1. “Ah-ha, the inevitable confrontation.”
“Fear of Flying” finally brings us a confrontation that has been building since the first episode. Arthur and the posh villain Ramses finally meet face-to-face, and Arthur’s long-running amateur detective job linking Ramses to the crime ring of still-living, breathing Terror is vindicated. There’s a sense that The Tick can finally get going as the show it has the potential of being, now that the villains are out in the open and our heroes have come together to face them. For the first time since the pilot episode, The Tick is hinting at the promise of this world being populated with more colorful characters, and a sense of adventure that it might start to embrace instead of running away from it. Arthur, in particular, seems to be getting the character development needed to move him away from a man who just wants to live a normal, mundane life for one where he’s accepted his “destiny” as a hero. Arthur’s resistance to that has been a pillar of the show so far, but it also hampers it from being the colorful adventure that we know The Tick can be. If this is the end of Arthur’s indecision, then it hasn’t come too soon, and it’s entirely welcome.
This confrontation also takes the opportunity to tie threads together with Overkill’s mission, seemingly bringing him into the fold as an ally of The Tick and Arthur. Though not without a funny sequence where Overkill and The Tick try to formally engage in the age old tradition of a hero/anti-hero fight before the inevitable team-up. It also deepens Dot’s sisterly relationship with Arthur, and almost gives away her own identity as a medical technician for the bad guys.
2. Grounding the boundless
But if there’s one thing that’s also apparent from the confrontation with Ramses & co, it’s again just how much grounding the show in reality prevents it from fully embracing its comic book roots. Much of this is obviously due to budgetary constraints, but there are several noticeable ways that the show turns a colorful property with boundless possibilities into a mundane affair, even when it comes to explosive action scenes. For example, the confrontation takes place in a big abandoned field of grass – a practical location to film a fight, but not an interesting one to look at. Overkill does much of the work in the fight, dispatching Ramses’ men with his typical brand of ruthless efficiency, which allows the Tick to get in a couple of funny lines about condemning Overkill’s methods, but largely leaves The Tick in the background of the fun. The best moment, however, does belong to The Tick, as he picks up a car tire and effortlessly tosses it unto Ramses head as he runs away maybe 50 to 100 yards away. This is the one time where the show achieves the irreverent, comic book physics inherent to The Tick. More of that feeling in future episodes, please.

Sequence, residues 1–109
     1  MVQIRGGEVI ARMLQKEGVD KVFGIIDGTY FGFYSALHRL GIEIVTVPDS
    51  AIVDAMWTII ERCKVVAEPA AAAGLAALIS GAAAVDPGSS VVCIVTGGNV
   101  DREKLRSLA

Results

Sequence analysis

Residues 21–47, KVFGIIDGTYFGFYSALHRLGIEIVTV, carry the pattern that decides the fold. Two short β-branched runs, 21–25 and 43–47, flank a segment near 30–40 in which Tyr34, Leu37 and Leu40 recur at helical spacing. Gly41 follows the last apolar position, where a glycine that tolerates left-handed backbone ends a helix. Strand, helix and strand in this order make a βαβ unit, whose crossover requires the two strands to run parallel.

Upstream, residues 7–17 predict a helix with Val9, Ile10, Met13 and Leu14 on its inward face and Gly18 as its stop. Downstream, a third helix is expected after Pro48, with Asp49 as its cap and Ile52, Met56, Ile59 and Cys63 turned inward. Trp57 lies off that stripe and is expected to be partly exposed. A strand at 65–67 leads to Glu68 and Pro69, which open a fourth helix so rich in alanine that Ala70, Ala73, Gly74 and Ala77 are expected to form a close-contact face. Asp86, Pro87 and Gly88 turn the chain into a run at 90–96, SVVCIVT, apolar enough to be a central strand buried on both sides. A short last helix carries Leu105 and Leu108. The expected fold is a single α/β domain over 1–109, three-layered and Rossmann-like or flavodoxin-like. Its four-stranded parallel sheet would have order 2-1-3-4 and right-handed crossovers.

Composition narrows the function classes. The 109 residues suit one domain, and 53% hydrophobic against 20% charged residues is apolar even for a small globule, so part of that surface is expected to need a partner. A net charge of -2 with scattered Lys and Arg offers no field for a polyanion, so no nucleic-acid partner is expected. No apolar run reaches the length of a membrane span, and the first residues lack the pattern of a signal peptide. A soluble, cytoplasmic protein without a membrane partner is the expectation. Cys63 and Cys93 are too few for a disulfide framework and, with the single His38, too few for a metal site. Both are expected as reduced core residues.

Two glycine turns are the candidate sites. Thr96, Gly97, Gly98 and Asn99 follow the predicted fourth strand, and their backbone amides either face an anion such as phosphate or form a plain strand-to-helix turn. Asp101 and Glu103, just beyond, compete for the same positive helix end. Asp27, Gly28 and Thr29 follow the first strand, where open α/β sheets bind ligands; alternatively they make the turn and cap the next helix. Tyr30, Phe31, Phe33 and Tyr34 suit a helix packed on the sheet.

3. More puns than you can shake a *cough* stick at
“Fear of Flying” opens up with yet another extended shot of the pixelated privates of the Very Large Man as he terrorizes the city. The Tick uses it as an opportunity to rattle off a half-dozen of the easiest rapid-fire dick jokes you’ll ever hear. This scene highlighted for me a very essential thing about the humor of The Tick as a property. The comic, the cartoon, and (up until now) the Amazon series never really goes for the easy joke. So much of what makes The Tick great is that the humor is derived from parody of the absurd stuff you have to accept when reading comics. The Tick manipulates the English language or re-purposes common sayings to create neologisms or malapropisms. It rarely goes for the cheap joke, and while I’m not saying it bothered me to see them do it here, I was struck by how ordinary that sequence of jokes was. The Tick is usually much funnier than that.
4. Callback City 2: Foreshadowing Boogaloo
The Tick is wading into Arrested Development territory with the way it uses foreshadowing and callbacks to previous jokes and absurd background material. In “Fear of Flying”, we see Overkill uncouthly eating “Fo-Ham” straight from the can, a product that was merely mentioned in passing in a previous episode with little context, leaving the viewer to only imagine what it was. Similarly, Overkill watches an interview with the talking dog who wrote the book that Arthur’s step-dad was given for his birthday just an episode ago. This is “Onward”, the pet dog of one of the members of the Flag Five, Christian Soldier. Both of these jokes accomplish the same kind of “stacking” effect that happened in Arrested Development: hearing the word “Fo-Ham” wasn’t funny on its own, but then an episode later it becomes funny by seeing Overkill eat it in a disgusting manner. And a passing reference to a dog who wrote a book becomes funnier when you see in a Charlie Rose-style interview with said dog in a later episode.Continued below
5. “Spoon!” watch
The Tick: “Don’t be Rhino Dot! Be Happy Camper Dot!”
The Tick: “Arthur, this man is having an argument with his boat!”
The Tick: “Your mouth says one thing – you guns say some other things, you bald bad man.”